"Fifty-eight years and nothing's changed," Miller said, pausing to join a chant for "Justice for Trayvon, not one more."
In New York City, hundreds of protesters marched into Times Square on Sunday night, zigzagging through Manhattan's streets to avoid police lines. Sign-carrying marchers thronged the busy intersection, chanting "Justice for! Trayvon Martin!" as they made their way from Union Square, blocking traffic for more than an hour before moving on.
In San Francisco and Los Angeles — where an earlier protest was dispersed with beanbag rounds — police closed streets as protesters marched Sunday to condemn Zimmerman's acquittal.
Los Angeles Mayor Eric Garcetti urged protesters to "practice peace" after the rock- and bottle-throwing incident. Police arrested one man.
Rand Powdrill, 41, of San Leandro, Calif., said he came to the San Francisco march with about 400 others to "protest the execution of an innocent black teenager."
"If our voices can't be heard, then this is just going to keep going on," he said.
Earlier, at Manhattan's Middle Collegiate Church, many congregants wore hooded sweatshirts — similar to the one Martin was wearing the night he was shot — in a show of solidarity. Hoodie-clad Jessica Nacinovich said she could only feel disappointment and sadness over the verdict.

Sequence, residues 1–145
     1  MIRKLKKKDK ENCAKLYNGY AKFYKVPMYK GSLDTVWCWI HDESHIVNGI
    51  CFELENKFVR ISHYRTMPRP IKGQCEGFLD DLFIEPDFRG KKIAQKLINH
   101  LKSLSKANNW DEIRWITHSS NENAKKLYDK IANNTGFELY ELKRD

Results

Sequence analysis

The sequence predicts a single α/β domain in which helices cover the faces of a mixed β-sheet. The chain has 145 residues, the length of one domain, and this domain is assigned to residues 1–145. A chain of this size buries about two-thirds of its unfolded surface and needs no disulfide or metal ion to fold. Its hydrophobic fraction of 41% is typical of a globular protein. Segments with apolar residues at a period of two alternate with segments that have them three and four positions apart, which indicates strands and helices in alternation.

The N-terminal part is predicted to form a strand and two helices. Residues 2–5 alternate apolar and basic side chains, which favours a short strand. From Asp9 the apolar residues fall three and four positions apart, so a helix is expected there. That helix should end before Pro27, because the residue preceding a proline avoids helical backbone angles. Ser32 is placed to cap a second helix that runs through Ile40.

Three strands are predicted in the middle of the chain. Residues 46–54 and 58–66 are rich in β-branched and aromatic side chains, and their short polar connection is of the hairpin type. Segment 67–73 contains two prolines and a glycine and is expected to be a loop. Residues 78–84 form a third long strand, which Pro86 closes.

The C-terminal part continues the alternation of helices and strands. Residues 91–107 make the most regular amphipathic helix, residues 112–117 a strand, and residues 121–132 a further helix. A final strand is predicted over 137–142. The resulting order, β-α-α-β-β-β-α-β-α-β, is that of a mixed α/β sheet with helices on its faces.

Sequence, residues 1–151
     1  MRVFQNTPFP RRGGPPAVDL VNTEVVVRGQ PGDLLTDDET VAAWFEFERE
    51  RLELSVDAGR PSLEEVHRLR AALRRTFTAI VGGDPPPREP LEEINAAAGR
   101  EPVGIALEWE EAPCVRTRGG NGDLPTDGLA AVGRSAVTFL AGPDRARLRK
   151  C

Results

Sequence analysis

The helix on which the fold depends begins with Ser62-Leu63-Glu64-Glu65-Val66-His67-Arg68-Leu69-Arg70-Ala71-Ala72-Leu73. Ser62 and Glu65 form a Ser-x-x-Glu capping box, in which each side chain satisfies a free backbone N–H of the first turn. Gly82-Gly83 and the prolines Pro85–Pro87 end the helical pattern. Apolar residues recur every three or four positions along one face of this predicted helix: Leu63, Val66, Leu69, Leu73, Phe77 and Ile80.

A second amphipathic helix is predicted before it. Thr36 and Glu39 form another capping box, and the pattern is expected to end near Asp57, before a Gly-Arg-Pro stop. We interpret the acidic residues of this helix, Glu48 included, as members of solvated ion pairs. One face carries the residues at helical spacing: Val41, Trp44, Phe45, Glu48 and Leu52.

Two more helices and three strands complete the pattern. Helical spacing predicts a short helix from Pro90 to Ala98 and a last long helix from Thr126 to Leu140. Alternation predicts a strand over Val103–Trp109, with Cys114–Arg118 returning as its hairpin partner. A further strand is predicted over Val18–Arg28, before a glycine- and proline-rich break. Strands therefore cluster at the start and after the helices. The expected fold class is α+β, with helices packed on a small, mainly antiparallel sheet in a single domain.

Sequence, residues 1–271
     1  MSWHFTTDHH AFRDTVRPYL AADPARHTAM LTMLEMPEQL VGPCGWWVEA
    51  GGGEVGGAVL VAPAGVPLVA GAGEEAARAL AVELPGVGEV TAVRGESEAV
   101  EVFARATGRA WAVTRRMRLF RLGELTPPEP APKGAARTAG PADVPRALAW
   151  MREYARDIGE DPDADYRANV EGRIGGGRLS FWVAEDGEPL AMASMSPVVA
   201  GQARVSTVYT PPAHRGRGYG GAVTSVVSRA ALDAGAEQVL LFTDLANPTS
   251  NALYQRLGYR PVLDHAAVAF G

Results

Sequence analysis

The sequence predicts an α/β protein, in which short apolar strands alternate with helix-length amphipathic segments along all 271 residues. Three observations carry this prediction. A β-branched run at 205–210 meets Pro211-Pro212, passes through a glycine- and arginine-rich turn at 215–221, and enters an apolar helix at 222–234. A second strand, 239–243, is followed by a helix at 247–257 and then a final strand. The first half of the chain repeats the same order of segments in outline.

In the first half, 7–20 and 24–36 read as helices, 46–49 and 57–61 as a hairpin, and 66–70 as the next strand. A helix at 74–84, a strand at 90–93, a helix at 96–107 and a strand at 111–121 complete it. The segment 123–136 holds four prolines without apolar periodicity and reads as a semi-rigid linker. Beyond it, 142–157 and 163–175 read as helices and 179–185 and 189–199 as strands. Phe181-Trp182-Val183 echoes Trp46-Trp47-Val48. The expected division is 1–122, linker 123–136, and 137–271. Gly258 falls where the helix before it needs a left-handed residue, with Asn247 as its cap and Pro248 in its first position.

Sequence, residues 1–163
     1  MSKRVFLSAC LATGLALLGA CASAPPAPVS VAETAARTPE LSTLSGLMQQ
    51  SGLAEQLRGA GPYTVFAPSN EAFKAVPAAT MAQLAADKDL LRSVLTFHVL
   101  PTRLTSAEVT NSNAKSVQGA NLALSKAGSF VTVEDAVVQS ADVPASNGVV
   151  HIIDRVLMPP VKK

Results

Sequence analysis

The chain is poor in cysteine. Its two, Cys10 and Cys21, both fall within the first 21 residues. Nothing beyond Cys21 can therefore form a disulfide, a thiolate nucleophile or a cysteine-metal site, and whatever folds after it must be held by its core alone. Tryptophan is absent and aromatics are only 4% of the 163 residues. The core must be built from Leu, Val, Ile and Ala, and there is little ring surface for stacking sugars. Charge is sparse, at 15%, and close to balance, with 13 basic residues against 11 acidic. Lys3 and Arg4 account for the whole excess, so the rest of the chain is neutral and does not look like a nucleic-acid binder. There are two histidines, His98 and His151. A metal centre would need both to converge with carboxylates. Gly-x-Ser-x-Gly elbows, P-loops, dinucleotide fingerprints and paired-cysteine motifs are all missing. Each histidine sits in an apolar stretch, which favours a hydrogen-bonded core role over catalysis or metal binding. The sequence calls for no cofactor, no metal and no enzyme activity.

"I'm sure jurors did what they felt was right in accordance with the law but maybe the law is wrong, maybe society is wrong; there's a lot that needs fixing," she said.
At a youth service in Sanford, Fla., where the trial was held, teens wearing shirts displaying Martin's picture wiped away tears during a sermon at the St. Paul Missionary Baptist Church.
Protesters also gathered in Atlanta, Miami, Milwaukee, Philadelphia, and Washington, D.C., along with a host of other cities.
In Miami, more than 200 people gathered for a vigil. "You can't justify murder," read one poster. Another read "Don't worry about more riots. Worry about more Zimmermans."